Jack was a major presence in Gilead, as John Ames, who was the target of much of Jack’s youthful harassment, relates his fears of the influence the charismatic young man may have over Ames’ own young wife and child. Some readers may agree with me that the only underwhelming aspect of reading Gilead was the way that, toward the book’s end, the leisurely Emerson-esque narration had to make more and more concessions to the advancement of the plot, turning Ames’ digressive epistle into more of a diary about his encounters with Jack, even as Jack’s revelations to Ames about the details of his life in the past twenty years allowed the novel to connect more solidly with the social predicament of the time.

Home makes no such concessions, investing the first conversations between Glory and Jack with all the tension one would expect to be present between two people who are each vitally interested in the other’s past, but adamantly protective of their own. What plot there is in Home involves little more than a series of these conversations, sometimes including their father but more often over the kitchen table in hushed tones so as not to wake him. This intensity builds, and Robinson is carefully scrupulous about keeping the progressive disclosures plausible, meaning essentially that the revelations come slowly over hundreds of pages, with Glory, Jack, and their father letting the story take shape in the negative space around their words. The scenes keep at a simmer—only ever threatening to boil over until the near end of the novel, when, of course, they do.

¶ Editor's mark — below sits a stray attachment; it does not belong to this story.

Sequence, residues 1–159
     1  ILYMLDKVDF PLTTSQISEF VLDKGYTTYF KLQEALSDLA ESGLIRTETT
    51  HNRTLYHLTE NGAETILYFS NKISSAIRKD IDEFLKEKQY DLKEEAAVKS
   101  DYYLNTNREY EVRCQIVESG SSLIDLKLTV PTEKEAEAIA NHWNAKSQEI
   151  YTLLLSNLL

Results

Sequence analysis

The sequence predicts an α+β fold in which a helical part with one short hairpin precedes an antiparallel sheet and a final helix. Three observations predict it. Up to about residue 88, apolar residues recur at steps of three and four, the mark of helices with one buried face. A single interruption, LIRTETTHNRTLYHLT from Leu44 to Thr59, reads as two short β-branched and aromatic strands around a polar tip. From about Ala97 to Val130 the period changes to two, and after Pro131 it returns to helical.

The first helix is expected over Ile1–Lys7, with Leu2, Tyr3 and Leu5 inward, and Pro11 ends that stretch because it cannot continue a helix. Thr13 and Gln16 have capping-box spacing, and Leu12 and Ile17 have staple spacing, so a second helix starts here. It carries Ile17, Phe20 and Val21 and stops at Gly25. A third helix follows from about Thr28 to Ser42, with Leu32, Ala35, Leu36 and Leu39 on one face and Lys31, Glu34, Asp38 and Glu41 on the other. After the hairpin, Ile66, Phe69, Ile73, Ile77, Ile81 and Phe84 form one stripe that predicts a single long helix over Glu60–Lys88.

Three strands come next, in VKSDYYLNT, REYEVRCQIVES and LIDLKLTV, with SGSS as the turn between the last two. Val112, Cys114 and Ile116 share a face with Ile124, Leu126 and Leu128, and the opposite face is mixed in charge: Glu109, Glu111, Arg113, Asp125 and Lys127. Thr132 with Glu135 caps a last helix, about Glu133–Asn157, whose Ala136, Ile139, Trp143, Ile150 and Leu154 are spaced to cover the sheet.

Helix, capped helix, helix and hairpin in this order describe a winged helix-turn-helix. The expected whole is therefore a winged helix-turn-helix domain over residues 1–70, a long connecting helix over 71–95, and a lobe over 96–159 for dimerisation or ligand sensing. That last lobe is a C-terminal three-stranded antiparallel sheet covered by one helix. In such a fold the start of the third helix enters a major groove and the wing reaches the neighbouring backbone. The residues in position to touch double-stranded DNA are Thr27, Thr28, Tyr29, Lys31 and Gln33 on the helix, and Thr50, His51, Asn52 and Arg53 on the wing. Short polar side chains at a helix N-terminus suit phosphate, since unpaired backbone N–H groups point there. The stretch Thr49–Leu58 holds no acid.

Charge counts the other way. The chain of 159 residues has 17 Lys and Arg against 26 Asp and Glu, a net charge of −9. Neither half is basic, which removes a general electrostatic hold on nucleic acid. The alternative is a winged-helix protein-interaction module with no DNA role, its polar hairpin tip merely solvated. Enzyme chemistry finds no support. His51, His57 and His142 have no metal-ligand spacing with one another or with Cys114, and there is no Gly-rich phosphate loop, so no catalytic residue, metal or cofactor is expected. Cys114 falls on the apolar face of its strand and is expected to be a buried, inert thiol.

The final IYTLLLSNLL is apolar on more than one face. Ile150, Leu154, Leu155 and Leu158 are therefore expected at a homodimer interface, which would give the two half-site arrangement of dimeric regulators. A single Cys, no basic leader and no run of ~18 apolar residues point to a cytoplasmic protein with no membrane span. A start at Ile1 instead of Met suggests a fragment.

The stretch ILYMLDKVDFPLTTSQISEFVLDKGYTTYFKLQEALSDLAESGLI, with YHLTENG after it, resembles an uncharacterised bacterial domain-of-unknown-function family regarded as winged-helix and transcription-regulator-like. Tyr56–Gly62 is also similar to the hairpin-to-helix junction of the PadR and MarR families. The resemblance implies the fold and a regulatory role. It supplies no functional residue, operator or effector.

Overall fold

It helps that the words themselves in Home are chosen with unfailing judiciousness. Robinson has both a sharp eye for detail and the skill to render such details so as to heighten the sense of setting and reflect back on the consciousness of the characters, as when Glory describes one of her household companions before Jack enters the scene: ‘The big old radio grew warm and gave off an odor like rancid hair tonic. It reminded her of a nervous salesman. And it made a sullen hiss and sputter if she moved away from it. It was the kind of companion loneliness makes welcome.”

Robinson is also masterful at describing the unique and complex emotions of her characters with astounding precision. Here, Glory puts her best interpretation on the turns her life has taken in the previous months: “She had been so proud of all that, pleased to believe it was providential that she should be here, having herself just tasted the dregs of experience, having been introduced to something bleaker than ordinary failure—it was a sweet providence that sent her home to that scene of utter and endless probity, where earnest striving so predictably yielded success, and Boughton success at that, the kind amenable to being half-concealed by the rigors of yet more earnest striving. Not that she could entirely forget the bitterness of her chagrin, not that she preferred the course her life had taken to the one she had imagined for it. But she did feel she had been rescued from the shame of mere defeat by the good she was able to do her brother.”

What is also remarkable is how intelligent Robinson allows her characters to be. The dialogue is full of apologies, retractions, and reconsiderations, as if the characters were constantly overhearing themselves as well as responding to each other. In fact, reading Home feels much like sitting in on a master class in character development through dialogue.

While in its glacial pace and sustained raw-nerve intensity, Home is sometimes easier to admire than enjoy, its prose and emotional precision make it a novel whose accomplishment it is impossible not to recognize.